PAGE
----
Participants may be attracted to self-directed brokerage accounts (SDBAs) because of the seemingly infinite choice of investment options. While it’s tempting to please these often-vocal employees, much consideration should be given when contemplating an SDBA option for your qualified retirement plan. There are several fiduciary issues your committee should discuss, decide, and document.
The impetus for the interest may be that participants want to take advantage of the advice from an outside advisor with the intention of giving them access to the account to make trades. If so, the advisor may be said to perform as a discretionary investment manager. ERISA Section 3(38) requires the plan sponsor to enter into an agreement with the advisor, as well as monitor the advisor’s actions.
The plan sponsor could be exposing themselves to an ERISA lawsuit from beneficiaries unhappy their selected advisor was allowed to buy investments “unsuitable” for retirement plans such as illiquid investment options, life insurance, etc. Plan sponsors can attempt to mitigate this risk by limiting what can be purchased via the SDBA account to stocks, bonds, mutual funds, or ETFs.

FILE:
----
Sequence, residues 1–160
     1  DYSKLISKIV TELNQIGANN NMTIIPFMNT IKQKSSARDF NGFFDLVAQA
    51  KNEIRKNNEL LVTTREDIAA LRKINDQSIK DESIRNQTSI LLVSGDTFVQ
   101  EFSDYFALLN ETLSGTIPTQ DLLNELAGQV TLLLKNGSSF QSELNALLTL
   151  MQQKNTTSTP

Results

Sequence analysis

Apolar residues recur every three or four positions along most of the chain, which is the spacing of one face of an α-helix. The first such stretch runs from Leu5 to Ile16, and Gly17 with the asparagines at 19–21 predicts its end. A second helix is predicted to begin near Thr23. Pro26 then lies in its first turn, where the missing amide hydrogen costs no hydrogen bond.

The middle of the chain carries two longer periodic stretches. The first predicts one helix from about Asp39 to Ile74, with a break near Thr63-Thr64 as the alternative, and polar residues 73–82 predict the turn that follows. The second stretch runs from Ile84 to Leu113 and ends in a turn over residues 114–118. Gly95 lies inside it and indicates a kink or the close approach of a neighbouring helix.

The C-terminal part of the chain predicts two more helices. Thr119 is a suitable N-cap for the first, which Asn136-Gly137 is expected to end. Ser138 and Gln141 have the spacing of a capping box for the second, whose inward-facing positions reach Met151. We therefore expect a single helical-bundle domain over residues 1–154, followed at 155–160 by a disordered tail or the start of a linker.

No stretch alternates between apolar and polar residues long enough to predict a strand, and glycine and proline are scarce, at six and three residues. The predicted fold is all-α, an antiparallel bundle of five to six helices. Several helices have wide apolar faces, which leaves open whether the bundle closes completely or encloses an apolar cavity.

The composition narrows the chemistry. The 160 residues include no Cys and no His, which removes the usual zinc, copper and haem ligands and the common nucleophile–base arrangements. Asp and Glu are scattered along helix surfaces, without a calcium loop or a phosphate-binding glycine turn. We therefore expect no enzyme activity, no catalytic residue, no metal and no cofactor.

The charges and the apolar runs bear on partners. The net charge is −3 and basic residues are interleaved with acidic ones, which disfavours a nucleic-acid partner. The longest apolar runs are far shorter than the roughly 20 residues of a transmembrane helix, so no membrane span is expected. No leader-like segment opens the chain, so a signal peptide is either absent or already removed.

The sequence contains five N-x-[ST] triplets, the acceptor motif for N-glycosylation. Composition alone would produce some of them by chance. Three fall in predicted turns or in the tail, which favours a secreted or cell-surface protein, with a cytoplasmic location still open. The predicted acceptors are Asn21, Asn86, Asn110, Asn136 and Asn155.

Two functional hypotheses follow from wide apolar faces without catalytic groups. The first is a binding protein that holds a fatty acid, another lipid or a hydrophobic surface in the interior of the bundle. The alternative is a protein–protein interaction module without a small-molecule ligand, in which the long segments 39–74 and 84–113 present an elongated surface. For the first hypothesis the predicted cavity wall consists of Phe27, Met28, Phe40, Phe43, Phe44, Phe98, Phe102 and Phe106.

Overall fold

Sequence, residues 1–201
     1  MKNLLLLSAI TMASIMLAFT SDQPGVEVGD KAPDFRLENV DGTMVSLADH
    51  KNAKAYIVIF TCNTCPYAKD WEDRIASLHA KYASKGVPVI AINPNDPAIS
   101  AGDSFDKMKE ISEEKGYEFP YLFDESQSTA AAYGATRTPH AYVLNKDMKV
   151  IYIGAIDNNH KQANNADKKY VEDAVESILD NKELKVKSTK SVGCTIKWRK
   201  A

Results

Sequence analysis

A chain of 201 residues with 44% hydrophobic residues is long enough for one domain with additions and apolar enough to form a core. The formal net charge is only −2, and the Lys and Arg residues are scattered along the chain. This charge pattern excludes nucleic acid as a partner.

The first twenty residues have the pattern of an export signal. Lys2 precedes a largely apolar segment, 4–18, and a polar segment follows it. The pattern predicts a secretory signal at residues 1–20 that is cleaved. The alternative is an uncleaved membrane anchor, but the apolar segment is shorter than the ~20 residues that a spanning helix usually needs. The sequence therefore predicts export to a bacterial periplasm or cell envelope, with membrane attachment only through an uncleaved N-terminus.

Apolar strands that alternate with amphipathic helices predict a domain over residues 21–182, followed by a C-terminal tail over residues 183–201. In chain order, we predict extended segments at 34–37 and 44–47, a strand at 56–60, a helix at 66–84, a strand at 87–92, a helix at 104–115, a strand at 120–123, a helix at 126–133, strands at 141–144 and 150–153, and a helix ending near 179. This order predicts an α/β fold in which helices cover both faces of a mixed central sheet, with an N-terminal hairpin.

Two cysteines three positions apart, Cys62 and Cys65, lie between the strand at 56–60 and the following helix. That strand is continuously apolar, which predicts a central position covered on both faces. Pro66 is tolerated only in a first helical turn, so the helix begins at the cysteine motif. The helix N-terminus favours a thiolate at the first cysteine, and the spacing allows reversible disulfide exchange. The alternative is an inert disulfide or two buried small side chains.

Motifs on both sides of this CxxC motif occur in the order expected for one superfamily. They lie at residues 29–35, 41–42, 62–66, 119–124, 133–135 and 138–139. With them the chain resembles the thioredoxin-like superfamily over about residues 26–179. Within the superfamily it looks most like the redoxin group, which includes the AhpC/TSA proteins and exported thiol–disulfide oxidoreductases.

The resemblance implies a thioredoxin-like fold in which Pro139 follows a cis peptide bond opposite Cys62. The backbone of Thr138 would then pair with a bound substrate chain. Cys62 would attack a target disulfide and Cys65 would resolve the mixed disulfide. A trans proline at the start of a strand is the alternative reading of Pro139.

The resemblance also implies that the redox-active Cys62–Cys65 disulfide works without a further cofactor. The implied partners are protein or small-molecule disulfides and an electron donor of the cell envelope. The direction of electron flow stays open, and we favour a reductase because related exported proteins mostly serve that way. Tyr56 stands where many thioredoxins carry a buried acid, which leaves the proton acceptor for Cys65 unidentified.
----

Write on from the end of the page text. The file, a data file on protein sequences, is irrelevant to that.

Responsibility to Monitor Fees
The plan sponsor needs to understand the fees associated with the SDBA and determine their reasonableness. Just because the participant elects to utilize an SDBA account does not mean the plan sponsor has abdicated responsibility for ensuring costs are reasonable.
Plan Sponsor Relief
Remember, plan sponsors have safe harbor protection under ERISA Section 404(c) which states that the participant has assumed control over their account by electing to invest via the SDBA. However, 404(c) relief is lost if the investment options pose an imprudent risk of loss. In addition, there are over 50 subsections to 404(c) that must be met to achieve the safe harbor protection. Noncompliant fiduciaries are accepting liability for whatever investments decisions the participant makes within an SDBA account. And ERISA Section 404a-5 still applies to SDBA accounts. The plan sponsor must ensure the participant is receiving an annual disclosure of fees that is accurate. All too often this does not take place with SDBA accounts.
Participants Matter Most
An SDBA account can offer plan participants new opportunities to invest for retirement. It’s important though to understand and address the risks associated to avoid mistakes that could harm your employees’ long-term financial future.